26 Sportsworld runners toed the start line this past Saturday for the annual 10K in Dunsaughlin. Thanks to all the supporters on the course.

We have two separate takes on the race from Gareth and Denis below. Click here for photos: Sportsworld Gallery


The crowds come back to this race year after year. A combination of the June sunshine, relatively flat course and a great post race hospitality from Dunsaughlin AC.

Everything kicked off at 7.30 with a fitting tribute the late great Robbie Matthews who was a well known and respected runners around the local scene. Robbie sadly passed away last year. Like any fast 10K course, if you go out too fast in Dunsaughlin for the first 5K you are going to pay for it later. With a good block of training behind me I went out with a plan to run 32.4X. That meant sticking to 3.15 per kilometer for the whole race. After a slow start I started to work my way through the field. Hitting my targets along the way.

I went through 5K in 16:10. The first half is easier so it was all going to plan. By 6K I was starting too fall off the back of the lads I had been running with. It’s frustrating when you start to slow down. In training, you listen to your body. In competition, you tell your body to shut up.It’s hard to remember that sometimes until after the race.

People always talk about the hill at 7K and 8K. In truth they aren’t that bad. But like most I had probably pushed a bit too hard in the first part of the race and now any hump in the road looks like Everest. Love it or hate it, this is the part of the course with all the classic running quotes “Pain is temporary..it may last for a minute,hour, or day or even a year..but it will subside. If i quit, however, it lasts forever” Personally I find them welcome distraction as I’m generally getting anxious around this time that I’m slowing down too much and going to run a crappy time.

I love the last kilometer in Dunsaughlin. You come out into a wide open area with great support from the  locals  handing out water (note to self: learn to not drop all teh water cups) on either side of the road. As you get back to the center of town the numbers increase. It’s a tired but strangely easy kick to the finish for the last 400M. I’m always left feeling I could  have given more when I can run 3.11 for my last K after feeling like I was gone at 8K.

Racing to get under the 33 minute mark and left questioning why you didn’t push on just a tiny bit more. Running  is not about instant gratification. You have to work hard for it, sweat for it, give up sleeping in on Sunday mornings.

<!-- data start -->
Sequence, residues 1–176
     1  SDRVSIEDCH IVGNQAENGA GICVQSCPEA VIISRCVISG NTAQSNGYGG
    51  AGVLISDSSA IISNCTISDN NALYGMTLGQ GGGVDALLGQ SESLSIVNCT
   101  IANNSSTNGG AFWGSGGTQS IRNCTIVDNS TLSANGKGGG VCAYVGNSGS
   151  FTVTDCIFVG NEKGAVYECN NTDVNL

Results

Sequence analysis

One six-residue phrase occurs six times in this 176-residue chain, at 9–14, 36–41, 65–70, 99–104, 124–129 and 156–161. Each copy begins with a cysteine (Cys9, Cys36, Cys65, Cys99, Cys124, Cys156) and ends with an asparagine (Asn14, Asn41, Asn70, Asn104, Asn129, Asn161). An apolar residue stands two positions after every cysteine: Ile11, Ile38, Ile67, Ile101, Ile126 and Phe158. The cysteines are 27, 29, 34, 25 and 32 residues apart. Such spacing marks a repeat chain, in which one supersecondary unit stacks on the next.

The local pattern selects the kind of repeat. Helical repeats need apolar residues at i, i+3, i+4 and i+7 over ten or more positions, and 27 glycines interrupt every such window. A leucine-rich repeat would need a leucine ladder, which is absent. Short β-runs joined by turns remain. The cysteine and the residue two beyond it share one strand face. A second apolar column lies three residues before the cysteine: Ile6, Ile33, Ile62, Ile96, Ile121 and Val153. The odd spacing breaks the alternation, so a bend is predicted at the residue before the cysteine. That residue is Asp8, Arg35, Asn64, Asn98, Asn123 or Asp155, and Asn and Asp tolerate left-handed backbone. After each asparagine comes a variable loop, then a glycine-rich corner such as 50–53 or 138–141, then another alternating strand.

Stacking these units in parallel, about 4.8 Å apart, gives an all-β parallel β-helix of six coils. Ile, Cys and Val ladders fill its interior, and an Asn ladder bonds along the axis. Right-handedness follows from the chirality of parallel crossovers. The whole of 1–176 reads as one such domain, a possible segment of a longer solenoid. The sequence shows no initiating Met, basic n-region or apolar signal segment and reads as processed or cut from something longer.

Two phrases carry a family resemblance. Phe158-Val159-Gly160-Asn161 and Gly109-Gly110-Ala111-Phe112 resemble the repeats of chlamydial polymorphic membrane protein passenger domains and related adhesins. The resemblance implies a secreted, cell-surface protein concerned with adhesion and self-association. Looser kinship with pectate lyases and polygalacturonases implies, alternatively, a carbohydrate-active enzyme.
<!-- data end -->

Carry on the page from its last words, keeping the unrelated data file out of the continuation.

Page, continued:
The runner’s high is a sensational reaction to a great run! It’s an exhilarating feeling of satisfaction and achievement. It’s like being on top of the world, and truthfully, there’s nothing quite like it.

Well done to everyone. I know lots of the guys ran PB’s including Karol, Gareth, Kevin, Eoin, and Sean. Great to see Damien back also. Apologies to anyone I missed.



You know it’s the very middle of summer when you are at the Dunshaughlin 10k.
Like Dunboyne a few weeks ago it is all that is good about running.
Clubmates, sunshine, fresh air, country lanes, friendly atmosphere, lots of local support and the best of food and refreshments.
Gave a lift to Conor, Anne and Madeline which was a great idea as for once I was early for and managed to do a proper warm up.
They say it is a fast course, well it probably is if you are a fast runner but for the rest of us it is to fast as I am to tall.
You hear mention of a “bit of a hill” at 6k,
(it’s a small mountain, and just when you think you are over the top of it you turn a corner and its little annoying brother rises before you.)
“There is a bit of a drag in the second half” they say.
(It climbs for a few miles, a few in these parts being 4 ish)
“There is a downhill finish”
(Yes there is…… for at least 50 yards)
So no it’s not fast or easy but that’s not what makes it great, it’s the good weather, the country setting, the locals with water stations outside the houses and one even had a garden hose for the horses really feeling the heat.
Oh and one other thing,
You see the trick to successfully running Dunshaughlin is not the fitness or race planning or winning, it’s knowing not to hang around after the finish line vomiting and wheezing and gulping water while trying to better every story of how hard that was.
It is to get the 10k done as fast as possible, beat as many competitors as you can on your one good leg and then tear back to the sports hall cos they only make about 10 Rice Crispie buns.
Others may not know about them, some rumors say they don’t even exist, that’s because I speed eat them once I find them. Sorry rest of the field, you snooze you lose.
The Dunshaughliners make a reported 4 million ham sandwiches but only 10 Rice Crispie buns. I don’t know why, I just know my stomach feels sick cos’ I ate them, all of them, and the m+m’s.
10km’s as hard as you can go, lose about 3 pounds weight, quickly followed by putting on half a stone in buns and biscuits.
And that folks is what Dunshaughlin is all about!

Sportsworld results:

Karol Cronin 32:21
Gareth Murran 33:02
Gavin Finlay 33:40
Damian Kelly 35:24
Kevin Curran 36:11
Michael C 36:16
Joe Byrne 38:06
Olivier Privat 38:31
Ronan Masterson 39:27
Noel Tobin 39:33
Sean Donegan 39:49
Eoin O’ Brien 41:40
Denis Mccaul 42:24
Adrian Lanigan 42:55
John Flaherty 44:05
Anne Dalton 44:58
Ann Higgins 45:40
Killian Dirwan 47:16
Aileen Melody 47:45
Ray Carpenter 48:01
S Willoughby 48:14
Madeleine Byrne 48:13
Conor Kenny 48:42
Clare Paley 48:56
Emma Barry 50:21
Maria Finnegan 50:22
Sean O’Byrne 58:44